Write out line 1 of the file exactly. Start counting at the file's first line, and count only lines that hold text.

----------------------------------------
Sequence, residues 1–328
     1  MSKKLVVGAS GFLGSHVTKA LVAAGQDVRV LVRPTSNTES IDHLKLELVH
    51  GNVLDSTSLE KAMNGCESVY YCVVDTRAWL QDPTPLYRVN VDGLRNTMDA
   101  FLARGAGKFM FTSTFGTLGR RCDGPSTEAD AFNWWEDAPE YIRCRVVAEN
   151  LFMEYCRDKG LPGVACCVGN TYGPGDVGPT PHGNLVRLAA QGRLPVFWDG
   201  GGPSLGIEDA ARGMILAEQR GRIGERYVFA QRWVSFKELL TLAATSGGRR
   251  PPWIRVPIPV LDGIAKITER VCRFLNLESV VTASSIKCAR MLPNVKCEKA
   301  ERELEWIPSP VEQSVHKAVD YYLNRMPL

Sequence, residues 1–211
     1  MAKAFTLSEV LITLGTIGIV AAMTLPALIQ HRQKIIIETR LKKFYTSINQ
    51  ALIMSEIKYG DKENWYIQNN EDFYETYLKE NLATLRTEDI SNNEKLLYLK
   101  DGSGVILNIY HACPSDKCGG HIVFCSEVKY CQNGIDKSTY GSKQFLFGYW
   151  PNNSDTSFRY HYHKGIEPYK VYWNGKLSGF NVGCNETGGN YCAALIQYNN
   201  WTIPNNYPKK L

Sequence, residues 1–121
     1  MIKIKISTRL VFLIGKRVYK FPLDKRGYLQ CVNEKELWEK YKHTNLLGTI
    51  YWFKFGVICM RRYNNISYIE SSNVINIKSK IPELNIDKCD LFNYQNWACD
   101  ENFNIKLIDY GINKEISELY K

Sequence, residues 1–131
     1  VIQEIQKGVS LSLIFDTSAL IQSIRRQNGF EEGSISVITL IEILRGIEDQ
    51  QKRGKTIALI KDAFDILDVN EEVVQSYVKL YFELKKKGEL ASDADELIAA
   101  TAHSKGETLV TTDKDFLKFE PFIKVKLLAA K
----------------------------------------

Sequence, residues 1–328